Also, despite the fact that sanitation, animal control, and workers compensation is not the same as what western culture expects, there is a great degree of sophistication in how they do things - you just need to look for it. Below me a dozen men bang away at granite blocks to fashion them into nicely dressed building stones. They take regular breaks and are served tea. While sipping their tea they all whip out their cell phones and either call people or text message.
Cow grazing near the mani
The economy here is like Twitter. If you use Twitter, think about it for a second: all you can use is 140 character messages. Yet if you can cram things into that constraint, it is a useful and infectious service. Here in the mountainous regions of Nepal, all commerce up here is broken into Twitter-like units - packets - quanta - that focus on what one human and/or one yak can carry. Just as people have found a way to use Twitter or texting to condense thoughts into short little bursts, these sherpa have found a way to build houses, install hydroelectric plants and satellite dishes, pour concrete, transport lumber - and virtually every village has some form of Internet access. Only when it is cost effective does a helicopter show up to drop things off.
We in the west get lazy when everything is provided to us with little or no effort. I am certain that how the Sherpa do things is not that much different than the pragmatic approaches taken elsewhere in the world. I'd be watching those cultures very carefully if I were looking to model the world's economy in the years to come.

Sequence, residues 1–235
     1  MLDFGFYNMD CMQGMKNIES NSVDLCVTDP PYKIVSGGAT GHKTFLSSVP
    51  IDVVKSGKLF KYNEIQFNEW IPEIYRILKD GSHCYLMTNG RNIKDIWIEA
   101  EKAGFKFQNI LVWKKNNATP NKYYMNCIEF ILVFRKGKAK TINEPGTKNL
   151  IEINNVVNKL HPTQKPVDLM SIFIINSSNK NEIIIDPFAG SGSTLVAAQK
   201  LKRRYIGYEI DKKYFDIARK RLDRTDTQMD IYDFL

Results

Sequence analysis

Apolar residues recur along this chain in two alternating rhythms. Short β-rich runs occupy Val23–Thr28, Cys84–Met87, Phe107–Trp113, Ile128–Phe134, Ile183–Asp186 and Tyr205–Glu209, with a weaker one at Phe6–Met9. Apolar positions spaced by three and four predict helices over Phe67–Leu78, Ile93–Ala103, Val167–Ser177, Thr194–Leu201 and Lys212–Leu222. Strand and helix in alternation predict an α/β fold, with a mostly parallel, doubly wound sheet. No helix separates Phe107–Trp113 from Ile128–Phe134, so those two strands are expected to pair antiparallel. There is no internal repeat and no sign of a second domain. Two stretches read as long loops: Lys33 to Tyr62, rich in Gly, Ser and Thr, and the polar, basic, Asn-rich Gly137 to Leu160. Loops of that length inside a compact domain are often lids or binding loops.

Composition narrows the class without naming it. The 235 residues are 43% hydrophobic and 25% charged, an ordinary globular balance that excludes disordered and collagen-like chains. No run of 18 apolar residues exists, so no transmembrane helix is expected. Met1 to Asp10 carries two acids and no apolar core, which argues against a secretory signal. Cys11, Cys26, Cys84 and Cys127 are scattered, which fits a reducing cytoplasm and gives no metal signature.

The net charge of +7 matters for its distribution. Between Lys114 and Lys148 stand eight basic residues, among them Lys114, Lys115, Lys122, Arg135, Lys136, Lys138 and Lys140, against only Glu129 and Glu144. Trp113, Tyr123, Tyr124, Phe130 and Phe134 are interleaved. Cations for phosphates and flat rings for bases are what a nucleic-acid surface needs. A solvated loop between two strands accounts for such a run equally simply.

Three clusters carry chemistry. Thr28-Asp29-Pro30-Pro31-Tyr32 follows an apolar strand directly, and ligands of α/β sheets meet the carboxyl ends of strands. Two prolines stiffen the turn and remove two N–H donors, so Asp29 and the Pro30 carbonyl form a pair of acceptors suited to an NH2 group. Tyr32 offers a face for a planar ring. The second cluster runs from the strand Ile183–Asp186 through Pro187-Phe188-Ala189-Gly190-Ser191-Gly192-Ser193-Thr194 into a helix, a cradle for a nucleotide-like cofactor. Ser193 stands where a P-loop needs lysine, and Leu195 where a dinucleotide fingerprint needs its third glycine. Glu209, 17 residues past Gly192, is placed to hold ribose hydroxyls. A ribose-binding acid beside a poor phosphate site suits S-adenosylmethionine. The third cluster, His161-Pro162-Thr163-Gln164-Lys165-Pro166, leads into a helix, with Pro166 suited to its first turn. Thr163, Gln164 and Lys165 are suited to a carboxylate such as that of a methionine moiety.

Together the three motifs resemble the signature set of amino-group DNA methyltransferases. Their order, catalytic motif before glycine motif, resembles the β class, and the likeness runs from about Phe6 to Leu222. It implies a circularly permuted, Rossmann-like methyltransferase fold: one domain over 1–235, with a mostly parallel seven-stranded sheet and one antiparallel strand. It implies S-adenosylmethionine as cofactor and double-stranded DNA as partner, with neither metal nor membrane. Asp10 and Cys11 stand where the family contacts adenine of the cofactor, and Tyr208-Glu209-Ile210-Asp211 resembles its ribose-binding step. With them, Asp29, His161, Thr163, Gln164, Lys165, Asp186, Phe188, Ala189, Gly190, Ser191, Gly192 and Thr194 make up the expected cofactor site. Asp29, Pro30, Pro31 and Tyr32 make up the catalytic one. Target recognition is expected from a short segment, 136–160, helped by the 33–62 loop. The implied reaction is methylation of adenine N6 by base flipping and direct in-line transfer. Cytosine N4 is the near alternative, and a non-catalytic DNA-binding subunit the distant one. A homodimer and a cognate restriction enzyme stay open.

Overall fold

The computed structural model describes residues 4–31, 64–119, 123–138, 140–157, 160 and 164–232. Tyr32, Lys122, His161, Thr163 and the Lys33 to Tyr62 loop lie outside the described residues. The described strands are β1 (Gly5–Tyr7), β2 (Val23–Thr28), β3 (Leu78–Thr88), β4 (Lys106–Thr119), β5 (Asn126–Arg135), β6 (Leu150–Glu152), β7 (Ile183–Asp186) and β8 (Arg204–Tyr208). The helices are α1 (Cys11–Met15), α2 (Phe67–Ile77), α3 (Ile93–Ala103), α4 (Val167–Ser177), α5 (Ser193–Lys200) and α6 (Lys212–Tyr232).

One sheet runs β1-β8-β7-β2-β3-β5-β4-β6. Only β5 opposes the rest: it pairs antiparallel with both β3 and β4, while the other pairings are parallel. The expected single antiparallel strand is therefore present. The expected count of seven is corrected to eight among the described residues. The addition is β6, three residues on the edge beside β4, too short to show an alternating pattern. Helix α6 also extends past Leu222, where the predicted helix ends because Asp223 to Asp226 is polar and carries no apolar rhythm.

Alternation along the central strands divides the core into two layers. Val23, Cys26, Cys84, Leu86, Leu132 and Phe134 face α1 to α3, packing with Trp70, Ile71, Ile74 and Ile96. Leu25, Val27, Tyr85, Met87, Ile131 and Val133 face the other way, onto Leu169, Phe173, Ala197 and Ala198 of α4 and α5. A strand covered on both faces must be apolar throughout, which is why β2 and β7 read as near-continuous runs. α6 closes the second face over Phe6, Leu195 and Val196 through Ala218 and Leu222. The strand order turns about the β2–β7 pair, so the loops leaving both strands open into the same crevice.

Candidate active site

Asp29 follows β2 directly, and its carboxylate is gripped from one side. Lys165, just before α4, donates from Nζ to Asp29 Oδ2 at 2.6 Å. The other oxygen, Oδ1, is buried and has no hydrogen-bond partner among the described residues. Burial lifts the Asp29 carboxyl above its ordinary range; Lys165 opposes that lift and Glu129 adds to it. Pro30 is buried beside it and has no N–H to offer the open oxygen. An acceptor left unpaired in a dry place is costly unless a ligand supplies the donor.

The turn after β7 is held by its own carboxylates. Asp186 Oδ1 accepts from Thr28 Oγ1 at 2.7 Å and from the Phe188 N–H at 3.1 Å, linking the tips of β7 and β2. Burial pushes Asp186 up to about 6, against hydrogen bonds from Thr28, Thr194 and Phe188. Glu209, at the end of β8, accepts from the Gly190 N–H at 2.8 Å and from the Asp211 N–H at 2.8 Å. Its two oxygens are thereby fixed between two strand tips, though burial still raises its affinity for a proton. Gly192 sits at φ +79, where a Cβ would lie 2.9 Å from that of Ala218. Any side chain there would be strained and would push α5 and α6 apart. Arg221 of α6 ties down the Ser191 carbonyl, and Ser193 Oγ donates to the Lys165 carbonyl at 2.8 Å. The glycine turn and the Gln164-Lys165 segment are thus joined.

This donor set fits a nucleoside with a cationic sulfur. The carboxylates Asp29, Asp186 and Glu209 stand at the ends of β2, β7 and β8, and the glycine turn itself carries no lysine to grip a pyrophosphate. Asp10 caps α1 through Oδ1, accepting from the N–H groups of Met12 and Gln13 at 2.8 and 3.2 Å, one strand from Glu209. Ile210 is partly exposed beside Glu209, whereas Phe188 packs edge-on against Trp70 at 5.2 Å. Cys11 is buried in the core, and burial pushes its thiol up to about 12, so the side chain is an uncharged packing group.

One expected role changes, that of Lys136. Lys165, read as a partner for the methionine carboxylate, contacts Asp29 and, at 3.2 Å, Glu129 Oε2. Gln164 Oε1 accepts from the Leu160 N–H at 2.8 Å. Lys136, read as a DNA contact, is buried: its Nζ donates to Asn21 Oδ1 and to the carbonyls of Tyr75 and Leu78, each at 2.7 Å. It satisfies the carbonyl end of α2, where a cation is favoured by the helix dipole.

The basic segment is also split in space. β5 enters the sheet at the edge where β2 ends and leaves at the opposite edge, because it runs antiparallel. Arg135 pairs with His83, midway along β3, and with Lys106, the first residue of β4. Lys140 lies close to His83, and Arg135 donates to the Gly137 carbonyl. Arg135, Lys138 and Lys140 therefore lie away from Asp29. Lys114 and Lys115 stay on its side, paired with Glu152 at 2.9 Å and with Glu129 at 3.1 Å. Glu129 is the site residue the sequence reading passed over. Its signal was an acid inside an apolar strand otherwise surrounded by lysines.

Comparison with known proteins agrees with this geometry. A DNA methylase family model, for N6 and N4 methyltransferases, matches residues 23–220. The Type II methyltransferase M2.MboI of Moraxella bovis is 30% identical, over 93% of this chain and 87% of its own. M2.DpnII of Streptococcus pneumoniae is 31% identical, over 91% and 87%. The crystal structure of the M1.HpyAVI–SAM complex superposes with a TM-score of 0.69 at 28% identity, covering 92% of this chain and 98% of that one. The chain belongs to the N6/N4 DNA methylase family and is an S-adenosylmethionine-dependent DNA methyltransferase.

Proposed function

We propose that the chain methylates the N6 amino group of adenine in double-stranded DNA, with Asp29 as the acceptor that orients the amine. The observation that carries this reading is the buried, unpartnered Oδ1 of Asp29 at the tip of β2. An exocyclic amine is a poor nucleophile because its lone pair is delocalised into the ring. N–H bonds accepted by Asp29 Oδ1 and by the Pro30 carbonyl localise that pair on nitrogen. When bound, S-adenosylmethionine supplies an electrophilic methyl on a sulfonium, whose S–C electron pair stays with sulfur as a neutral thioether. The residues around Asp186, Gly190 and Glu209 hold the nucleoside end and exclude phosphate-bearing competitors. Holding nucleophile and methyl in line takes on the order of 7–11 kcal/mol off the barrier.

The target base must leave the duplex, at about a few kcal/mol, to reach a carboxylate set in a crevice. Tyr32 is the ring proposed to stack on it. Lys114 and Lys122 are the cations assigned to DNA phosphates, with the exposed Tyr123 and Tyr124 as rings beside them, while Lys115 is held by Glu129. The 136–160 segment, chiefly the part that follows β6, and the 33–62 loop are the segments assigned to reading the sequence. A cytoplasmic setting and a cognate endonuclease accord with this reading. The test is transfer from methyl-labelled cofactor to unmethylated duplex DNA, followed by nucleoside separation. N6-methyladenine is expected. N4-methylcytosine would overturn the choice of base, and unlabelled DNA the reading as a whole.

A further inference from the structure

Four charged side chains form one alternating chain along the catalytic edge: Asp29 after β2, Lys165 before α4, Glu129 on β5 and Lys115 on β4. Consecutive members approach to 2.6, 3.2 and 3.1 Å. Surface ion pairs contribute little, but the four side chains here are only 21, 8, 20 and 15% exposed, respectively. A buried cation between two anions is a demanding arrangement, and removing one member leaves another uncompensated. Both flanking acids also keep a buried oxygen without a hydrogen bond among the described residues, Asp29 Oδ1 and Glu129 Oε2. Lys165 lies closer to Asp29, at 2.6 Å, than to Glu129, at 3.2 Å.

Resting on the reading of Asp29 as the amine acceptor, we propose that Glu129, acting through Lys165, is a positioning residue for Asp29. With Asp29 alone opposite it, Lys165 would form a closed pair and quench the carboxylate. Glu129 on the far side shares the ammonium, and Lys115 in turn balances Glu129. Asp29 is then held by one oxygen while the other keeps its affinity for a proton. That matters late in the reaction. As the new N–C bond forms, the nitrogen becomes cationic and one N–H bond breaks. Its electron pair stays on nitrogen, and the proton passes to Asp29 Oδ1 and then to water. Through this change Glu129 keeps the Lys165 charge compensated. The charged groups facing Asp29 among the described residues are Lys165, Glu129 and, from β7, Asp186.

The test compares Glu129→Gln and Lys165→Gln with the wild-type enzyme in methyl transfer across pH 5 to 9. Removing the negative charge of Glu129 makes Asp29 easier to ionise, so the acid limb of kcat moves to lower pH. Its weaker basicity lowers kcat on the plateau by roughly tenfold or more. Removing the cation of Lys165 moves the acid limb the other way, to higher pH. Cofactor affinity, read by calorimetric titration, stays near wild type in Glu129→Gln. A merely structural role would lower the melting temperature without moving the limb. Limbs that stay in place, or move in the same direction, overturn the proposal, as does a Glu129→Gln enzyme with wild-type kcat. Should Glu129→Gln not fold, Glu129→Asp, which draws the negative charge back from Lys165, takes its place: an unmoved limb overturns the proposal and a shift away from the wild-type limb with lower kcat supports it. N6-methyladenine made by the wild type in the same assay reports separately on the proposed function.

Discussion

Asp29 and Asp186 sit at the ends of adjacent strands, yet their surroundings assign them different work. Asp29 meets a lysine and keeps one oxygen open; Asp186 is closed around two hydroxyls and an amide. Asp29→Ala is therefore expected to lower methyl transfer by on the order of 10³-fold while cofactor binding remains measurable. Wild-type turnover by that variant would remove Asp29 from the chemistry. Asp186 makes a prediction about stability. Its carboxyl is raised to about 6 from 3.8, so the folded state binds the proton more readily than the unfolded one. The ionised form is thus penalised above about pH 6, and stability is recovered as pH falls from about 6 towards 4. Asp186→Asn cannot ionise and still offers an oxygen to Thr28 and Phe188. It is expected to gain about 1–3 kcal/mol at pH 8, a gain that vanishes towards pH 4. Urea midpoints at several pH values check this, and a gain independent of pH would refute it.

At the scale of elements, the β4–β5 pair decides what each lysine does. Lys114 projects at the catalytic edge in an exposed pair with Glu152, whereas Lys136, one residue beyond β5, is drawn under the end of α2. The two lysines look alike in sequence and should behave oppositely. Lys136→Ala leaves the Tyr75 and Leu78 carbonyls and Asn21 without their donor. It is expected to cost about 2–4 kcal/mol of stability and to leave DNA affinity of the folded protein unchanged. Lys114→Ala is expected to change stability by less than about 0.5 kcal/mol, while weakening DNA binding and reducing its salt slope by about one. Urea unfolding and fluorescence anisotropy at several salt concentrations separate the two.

Namche from above
Tonight I repack for tomorrow's trek up to Tengboche (3,867 meters) where I will spend a day and a half acclimating. I am not exactly certain what Internet access I will have there. After that I head for Dengboche - again for a day and a half. It is there that I expect to bump into the NASA trek team. I have to go out and buy a few things before I depart - I do not think shopping will be this good in the weeks to come.
As I mentioned above, there is quite a high level of market sophistication here. The other day, as Tashi and I were walking around Namche he chuckled and told me that he had overheard two shop keepers talking about the current financial crisis in America. Yesterday, as I was walking around, I nodded and smiled at several women tending stores who had clearly hoped that I'd stop and buy something. As I walked off one of them sighed to the other "just looking" - to which the other woman replied in agreement "just looking".
They have our consumer buying habits nailed.